Mathias Rechtzigel

Federal Reserve Bank of Minneapolis

The Federal Reserve Bank of Minneapolis is one of twelve Federal Reserve Banks. When I joined in 2019 they were kicking off a reimagining of how they would serve the public. At the center of this rebranding was the tagline: "Pursing an economy that works for all of us."

In 2019 the application development group was a year into their Agile Transformation. They identified a gap in a dedicated Front End Development, User Experience and accessibility resource.

That's where I came in. I hit the ground running my first week: identified gaps within approved technologies that we could use to build out the Minneapolis Fed's first design system. I created partnerships between departments that rarely talked to each other and emphasised the importance of user-centered design. Finally being a consultant to our executive level sponsors to invest in an accessible, reusable and performant system that could support a 30+ year volume of content that they had to migrate from their legacy system.

During the completion of the project, they could point to deliverables that extended beyond the project. A design system wasn't just contained to the public website, it could be leveraged across our entire portfolio of internal applications (with some minor tweaks, you don't need big bold marketing fonts on internal data applications). Soon I was able to spin out proof of concept websites with real code in less than a day. Gaining budget and approval to expand the team for larger application initiatives.

It wasn't just a pie in the sky dream. With a decade of experience delivering responsive and flexible websites that could easily be modified based on the needs of our stakeholders.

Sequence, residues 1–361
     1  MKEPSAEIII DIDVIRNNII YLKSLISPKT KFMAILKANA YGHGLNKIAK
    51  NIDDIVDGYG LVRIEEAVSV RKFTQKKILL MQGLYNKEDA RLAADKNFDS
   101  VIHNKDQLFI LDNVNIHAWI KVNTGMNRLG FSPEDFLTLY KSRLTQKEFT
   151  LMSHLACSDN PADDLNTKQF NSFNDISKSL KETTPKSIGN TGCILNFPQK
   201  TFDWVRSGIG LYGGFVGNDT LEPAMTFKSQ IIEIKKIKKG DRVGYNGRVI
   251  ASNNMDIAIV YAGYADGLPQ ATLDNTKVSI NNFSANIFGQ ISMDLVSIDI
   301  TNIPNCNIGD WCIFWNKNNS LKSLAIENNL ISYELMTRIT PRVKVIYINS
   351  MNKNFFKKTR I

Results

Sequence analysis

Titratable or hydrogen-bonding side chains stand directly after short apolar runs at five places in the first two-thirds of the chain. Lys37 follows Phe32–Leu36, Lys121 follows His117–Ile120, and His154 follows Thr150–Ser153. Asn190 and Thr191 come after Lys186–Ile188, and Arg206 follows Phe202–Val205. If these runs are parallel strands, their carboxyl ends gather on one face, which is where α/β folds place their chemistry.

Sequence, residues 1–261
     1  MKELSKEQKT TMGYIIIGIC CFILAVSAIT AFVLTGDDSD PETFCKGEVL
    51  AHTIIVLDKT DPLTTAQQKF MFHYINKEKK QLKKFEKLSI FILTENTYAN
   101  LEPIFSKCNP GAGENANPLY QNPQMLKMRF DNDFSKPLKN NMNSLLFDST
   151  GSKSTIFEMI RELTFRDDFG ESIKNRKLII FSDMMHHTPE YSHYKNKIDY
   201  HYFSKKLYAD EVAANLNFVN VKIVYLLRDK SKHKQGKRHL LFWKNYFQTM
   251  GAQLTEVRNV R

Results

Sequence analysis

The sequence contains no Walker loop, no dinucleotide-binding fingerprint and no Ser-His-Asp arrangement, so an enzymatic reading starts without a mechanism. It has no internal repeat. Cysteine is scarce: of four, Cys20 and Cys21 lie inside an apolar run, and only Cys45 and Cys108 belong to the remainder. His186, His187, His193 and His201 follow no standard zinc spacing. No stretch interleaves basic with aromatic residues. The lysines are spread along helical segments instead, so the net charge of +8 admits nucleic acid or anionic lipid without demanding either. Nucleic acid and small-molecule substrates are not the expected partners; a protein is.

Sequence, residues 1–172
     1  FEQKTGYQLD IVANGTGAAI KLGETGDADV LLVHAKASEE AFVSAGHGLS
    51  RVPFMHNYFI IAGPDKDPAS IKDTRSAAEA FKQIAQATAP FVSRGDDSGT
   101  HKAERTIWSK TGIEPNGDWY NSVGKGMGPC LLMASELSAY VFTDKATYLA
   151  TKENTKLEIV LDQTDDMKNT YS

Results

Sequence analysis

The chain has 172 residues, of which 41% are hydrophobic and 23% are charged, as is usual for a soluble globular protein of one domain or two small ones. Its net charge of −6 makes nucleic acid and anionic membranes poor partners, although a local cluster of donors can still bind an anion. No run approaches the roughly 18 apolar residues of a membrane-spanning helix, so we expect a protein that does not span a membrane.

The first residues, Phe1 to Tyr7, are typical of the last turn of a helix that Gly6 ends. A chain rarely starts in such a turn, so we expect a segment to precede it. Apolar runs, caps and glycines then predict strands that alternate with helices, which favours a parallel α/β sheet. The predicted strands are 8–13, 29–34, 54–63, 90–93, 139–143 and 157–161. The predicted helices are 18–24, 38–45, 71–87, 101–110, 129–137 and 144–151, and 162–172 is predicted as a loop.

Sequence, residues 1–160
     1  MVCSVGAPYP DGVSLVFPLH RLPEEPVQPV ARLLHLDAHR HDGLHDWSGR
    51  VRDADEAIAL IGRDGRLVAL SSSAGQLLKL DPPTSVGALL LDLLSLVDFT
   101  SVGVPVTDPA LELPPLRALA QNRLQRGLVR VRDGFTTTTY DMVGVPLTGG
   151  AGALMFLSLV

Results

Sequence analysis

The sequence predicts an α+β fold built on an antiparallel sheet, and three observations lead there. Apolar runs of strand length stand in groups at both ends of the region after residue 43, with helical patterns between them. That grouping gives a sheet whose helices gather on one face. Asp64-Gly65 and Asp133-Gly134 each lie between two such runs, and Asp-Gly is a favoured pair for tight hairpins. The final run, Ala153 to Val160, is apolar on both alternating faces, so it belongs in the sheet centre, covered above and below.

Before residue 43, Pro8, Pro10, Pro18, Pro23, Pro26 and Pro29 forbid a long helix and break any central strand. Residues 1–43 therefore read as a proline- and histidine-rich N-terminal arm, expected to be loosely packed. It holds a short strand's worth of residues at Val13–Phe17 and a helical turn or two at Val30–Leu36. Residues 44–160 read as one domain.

Consistency for thousands of economic papers both new and old. #

As an economic research organization the Federal Reserve Bank of Minneapolis publishes A LOT OF PAPERS and supplementary educational material. With three core personas: uninformed, informed, and academic the Federal Reserve Bank of Minneapolis creates personalized content in service of its mission of "Pursuing an economy that works for all of us".

To support this mission, the Public Affairs team needed a technical and design strategy that would scale for the long term but also ensuring that the solution wouldn't place an additional burden on the content authoring team. This required a strategy that would ensure that all legacy content (30+ years), current, and future content could adhere to our new design language.

Article template on Mobile
Article page on medium
Article page on desktop

Reducing Spin on Red Balloon, Blue Sky Conversations #

You have been there. Someone says that you need to change some spacing on the "Card Component". Your developer opens up their fancy design system and low and behold there's four different cards that have different spacing on the four breakpoints that you support. Everyone is crunched for time because you're trying to do more with less (but somehow you always do less with more, isn't that funny?), so your development team makes a quick change and deploys it. Looks good on my machine, ship it.

A couple of weeks later the Creative Director adds a comment to the ticket: "Not seeing this updated. Let me know if you need any help."